There are essentially two ways to straighten teeth; using dental veneers or through correction using braces.
Having dental veneers fitted is a temporary fix using veneers which are just covers cemented in place that give the look of straight teeth to the naked eye. Braces are a much more permanent way is surgery which usually consists of braces of some type. This type of cosmetic dental treatment is performed by an as orthodontist.
The main type of straightening surgery performed is the fitting of braces, of which there are several different sorts; Standard braces are usually made of a non-magnetic metal and are fixed in place for the duration of the treatment, (often up to 2 years.) These metal braces are on the exterior of the teeth and are visible. Costs range from as little as £850 to just over £4,500, depending on extent of work and the type of braces used.
Invisible options include Lingual braces, which are fitted to the inside surface of the teeth and the Invisalign Brace, which is made from transparent material and fits over the teeth like a regular brace, but cannot be seen. Lingual braces are much more painful but can act much more quickly. The starting price for both of these treatments is £1,200.
Veneers can provide a way of giving the appearance of straightening teeth and could be more cost effective if there are few teeth to be straightened. Costs can range from £500 to £4,500 per tooth. Many foreign clinics now offer packages to travel and undergo the treatment advertising prices of £195 per tooth. Average prices in Budapest are said to be £150-£200 per tooth, (This can often include flights, transfers, temporary veneers and after care, but packages vary. Some may even include city breaks so you can sightsee at the same time. But is advised to be cautious when considering special offers and discount any silly offers altogether.)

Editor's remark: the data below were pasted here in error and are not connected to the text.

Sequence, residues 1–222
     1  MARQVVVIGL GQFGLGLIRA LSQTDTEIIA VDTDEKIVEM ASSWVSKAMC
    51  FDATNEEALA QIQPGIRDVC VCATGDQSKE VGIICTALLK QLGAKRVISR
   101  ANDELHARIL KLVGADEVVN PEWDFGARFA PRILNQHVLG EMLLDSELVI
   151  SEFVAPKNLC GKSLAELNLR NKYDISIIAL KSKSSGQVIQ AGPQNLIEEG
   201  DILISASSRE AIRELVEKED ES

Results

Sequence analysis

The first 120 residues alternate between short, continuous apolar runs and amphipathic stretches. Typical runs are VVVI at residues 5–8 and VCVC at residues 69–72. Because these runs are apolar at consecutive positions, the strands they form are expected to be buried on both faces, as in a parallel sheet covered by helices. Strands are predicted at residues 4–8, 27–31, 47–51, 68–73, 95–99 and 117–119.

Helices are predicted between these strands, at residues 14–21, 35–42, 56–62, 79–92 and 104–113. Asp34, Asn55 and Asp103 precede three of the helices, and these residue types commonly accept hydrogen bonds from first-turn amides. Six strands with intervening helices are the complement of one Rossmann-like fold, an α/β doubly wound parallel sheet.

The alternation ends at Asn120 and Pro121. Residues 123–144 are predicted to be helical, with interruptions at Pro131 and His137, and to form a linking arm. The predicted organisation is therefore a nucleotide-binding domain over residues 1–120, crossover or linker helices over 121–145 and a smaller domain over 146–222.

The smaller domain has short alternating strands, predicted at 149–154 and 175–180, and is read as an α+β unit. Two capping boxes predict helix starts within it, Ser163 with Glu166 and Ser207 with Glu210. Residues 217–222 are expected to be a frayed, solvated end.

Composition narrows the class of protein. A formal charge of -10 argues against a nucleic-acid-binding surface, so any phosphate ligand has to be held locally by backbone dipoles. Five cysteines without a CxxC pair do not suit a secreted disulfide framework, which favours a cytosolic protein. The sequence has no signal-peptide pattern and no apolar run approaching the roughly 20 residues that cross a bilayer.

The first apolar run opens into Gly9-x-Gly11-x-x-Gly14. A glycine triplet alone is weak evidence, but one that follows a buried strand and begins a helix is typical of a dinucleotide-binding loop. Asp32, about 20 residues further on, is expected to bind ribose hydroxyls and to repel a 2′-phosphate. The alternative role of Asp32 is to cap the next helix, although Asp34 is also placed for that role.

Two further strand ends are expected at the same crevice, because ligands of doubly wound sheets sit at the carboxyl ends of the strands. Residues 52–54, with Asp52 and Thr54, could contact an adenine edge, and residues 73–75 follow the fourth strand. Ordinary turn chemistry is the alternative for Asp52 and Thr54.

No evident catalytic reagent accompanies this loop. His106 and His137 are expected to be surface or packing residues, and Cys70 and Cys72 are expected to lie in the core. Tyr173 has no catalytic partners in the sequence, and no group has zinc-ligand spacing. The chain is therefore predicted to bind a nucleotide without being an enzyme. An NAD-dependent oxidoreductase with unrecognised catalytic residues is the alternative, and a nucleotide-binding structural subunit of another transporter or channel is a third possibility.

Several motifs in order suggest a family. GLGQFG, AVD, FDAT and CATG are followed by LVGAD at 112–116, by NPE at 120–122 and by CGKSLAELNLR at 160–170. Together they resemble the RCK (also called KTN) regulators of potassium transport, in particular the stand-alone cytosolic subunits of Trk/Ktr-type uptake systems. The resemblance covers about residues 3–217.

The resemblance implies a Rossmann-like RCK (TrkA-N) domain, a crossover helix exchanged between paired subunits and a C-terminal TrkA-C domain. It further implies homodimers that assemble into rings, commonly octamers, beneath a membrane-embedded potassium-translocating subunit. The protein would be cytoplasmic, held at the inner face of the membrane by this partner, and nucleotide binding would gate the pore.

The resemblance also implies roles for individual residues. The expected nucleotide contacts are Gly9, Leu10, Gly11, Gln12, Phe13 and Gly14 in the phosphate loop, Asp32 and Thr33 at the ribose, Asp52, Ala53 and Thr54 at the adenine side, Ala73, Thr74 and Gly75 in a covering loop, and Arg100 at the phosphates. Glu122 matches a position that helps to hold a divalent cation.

One solution may be a custom moulded set of teeth that fit over your existing teeth to give the impression of the perfect smile. This comes in around £900, (including consultation and fitting.)
The cheapest way to get orthodontic treatment would be via the NHS. However, this is only available to children under 18 on dental health grounds (although it may be possible for some adults in exceptional cases). The NHS uses a system to assess the eligibility for orthodontic treatment which is called the Index of Orthodontic Treatment Need (IOTN), the Dental Health Component (DHC) of which has 5 grades, ranging from Grade 1, (almost perfection,) to Grade 5, (severe problems such as protruding teeth more than 9mm, chronic overcrowding). For the vast majority this leaves only the private option and prices can vary between practices and the types of treatment offered.